As long as my cat is eating, her teeth and gums must be healthy, right?

Not really. In the last decade or so, the importance of routine feline dental care has become clear, as cat owners become aware that proper tooth and gum care is not only essential to kitty’s overall comfort, but could actually save her life!

According to the American Veterinary Dental Society (AVDS), 70 percent of cats show signs of tooth and gum disease by age three. And oral disease is the most common health problem treated in small animal clinics today. You can help prevent painful mouth problems by making sure kitty gets proper home and veterinary dental care throughout her lifetime.

What happens if you don’t? Like humans, cats can develop gum diseases such as gingivitis and periodontal disease. Plaque and tartar can build up on your cat’s teeth, creating a haven for the bacteria that cause these gum diseases. Symptoms of periodontal disease in cats include yellow and brown tartar buildup along the gum line; red, inflamed gums; and persistent bad breath. Untreated periodontal disease can lead to sore and loose teeth. It can also cause sores and lesions inside the mouth. Unfortunately, bacteria from gum diseases can enter kitty’s bloodstream and travel to major organs such as the heart, lungs, liver, and kidneys. If such infections are not treated in time, they can be fatal to your cat.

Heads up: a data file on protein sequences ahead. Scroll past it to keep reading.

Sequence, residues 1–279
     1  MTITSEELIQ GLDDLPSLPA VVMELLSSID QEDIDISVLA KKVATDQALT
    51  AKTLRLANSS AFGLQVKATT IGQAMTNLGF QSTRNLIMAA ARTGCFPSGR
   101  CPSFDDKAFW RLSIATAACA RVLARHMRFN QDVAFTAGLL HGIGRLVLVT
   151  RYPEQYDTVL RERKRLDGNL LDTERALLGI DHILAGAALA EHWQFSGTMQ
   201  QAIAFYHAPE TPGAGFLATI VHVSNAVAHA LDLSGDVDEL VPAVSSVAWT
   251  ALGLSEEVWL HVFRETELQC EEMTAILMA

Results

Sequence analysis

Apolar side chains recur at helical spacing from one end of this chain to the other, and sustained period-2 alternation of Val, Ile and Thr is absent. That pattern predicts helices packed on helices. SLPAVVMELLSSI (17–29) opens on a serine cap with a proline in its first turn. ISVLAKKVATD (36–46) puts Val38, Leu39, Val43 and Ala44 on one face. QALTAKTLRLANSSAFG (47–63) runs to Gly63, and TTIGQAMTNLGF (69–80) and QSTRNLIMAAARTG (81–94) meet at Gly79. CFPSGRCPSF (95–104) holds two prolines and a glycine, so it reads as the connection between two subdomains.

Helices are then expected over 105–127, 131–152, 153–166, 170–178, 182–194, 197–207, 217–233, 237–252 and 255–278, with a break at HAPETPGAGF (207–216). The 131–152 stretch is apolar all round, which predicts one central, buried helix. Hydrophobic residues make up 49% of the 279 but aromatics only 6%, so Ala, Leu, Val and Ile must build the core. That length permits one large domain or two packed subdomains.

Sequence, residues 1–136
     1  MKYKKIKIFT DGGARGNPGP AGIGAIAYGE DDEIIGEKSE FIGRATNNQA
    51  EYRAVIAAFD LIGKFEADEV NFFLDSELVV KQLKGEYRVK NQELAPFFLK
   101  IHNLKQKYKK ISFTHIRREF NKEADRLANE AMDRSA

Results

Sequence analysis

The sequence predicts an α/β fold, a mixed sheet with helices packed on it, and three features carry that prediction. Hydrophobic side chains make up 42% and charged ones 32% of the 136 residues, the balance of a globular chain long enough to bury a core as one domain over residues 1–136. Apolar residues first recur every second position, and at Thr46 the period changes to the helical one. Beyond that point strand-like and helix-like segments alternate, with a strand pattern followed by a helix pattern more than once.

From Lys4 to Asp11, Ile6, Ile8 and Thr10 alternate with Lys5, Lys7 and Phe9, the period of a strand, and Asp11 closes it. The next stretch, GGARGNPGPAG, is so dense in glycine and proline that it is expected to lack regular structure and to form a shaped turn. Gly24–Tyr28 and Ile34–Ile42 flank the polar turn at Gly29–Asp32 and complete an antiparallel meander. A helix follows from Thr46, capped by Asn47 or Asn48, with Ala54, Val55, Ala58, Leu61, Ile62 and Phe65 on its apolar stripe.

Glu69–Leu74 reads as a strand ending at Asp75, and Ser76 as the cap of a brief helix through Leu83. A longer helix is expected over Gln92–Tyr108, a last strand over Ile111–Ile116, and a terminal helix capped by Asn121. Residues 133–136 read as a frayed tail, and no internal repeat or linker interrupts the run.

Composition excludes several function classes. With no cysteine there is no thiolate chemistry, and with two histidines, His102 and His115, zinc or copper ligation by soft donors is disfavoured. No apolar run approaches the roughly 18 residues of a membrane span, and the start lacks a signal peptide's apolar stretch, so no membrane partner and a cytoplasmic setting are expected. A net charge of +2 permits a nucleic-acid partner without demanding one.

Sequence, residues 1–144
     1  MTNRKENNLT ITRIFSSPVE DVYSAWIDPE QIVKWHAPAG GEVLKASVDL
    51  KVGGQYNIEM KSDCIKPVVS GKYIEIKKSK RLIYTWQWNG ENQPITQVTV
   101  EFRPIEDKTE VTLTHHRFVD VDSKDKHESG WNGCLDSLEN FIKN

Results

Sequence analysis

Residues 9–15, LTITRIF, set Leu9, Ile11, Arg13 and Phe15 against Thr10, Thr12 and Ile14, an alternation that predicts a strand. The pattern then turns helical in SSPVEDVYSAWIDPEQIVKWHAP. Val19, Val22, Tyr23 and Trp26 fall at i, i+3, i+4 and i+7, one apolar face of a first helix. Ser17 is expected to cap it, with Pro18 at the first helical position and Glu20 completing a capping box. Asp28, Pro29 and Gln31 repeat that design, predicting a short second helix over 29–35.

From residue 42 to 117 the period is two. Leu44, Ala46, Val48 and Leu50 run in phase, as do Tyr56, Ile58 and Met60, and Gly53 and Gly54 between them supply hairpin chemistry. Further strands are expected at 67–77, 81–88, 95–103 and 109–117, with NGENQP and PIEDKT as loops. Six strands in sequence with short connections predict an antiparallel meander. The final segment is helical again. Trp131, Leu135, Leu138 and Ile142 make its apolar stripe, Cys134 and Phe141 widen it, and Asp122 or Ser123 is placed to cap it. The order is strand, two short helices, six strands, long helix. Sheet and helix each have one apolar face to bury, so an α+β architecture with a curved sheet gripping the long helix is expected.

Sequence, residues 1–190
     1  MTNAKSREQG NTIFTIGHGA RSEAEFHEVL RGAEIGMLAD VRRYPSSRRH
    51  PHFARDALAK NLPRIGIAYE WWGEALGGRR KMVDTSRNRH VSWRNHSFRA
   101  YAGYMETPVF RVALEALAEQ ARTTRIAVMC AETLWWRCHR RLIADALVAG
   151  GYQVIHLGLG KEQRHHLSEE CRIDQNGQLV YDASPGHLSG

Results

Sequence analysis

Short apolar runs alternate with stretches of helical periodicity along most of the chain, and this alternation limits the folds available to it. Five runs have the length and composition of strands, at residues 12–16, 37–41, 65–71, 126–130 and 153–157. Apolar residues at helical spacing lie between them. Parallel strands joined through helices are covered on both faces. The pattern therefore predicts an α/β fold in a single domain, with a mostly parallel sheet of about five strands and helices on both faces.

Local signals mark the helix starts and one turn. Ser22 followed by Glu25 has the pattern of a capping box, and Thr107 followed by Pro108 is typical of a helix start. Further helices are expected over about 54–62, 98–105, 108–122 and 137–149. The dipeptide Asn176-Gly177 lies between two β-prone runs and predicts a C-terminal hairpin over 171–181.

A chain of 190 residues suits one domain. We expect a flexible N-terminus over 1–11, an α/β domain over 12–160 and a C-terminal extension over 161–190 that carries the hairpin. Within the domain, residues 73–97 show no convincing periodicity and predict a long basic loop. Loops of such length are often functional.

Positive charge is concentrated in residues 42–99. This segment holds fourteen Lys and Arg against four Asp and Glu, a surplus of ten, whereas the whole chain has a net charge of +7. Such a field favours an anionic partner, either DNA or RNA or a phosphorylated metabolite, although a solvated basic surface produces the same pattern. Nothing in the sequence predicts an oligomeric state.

Can cats get cavities? It’s not common (because cats eat a low-carbohydrate and low-sugar diet), but it can happen. And, as you probably already know, cavities are very painful if they’re not treated. Teeth can break and get chipped, too, usually when kitty chews something she shouldn’t or gets into a fight.

So if you aren’t already caring for your feline’s fangs, start the process today. Take kitty to the veterinarian for a dental check-up and professional cleaning and learn how to care for her teeth at home, as well. Unfortunately, pets cannot tell you if they have a toothache or sore gums, so it’s up to you to prevent, recognize, and treat agonizing oral distress.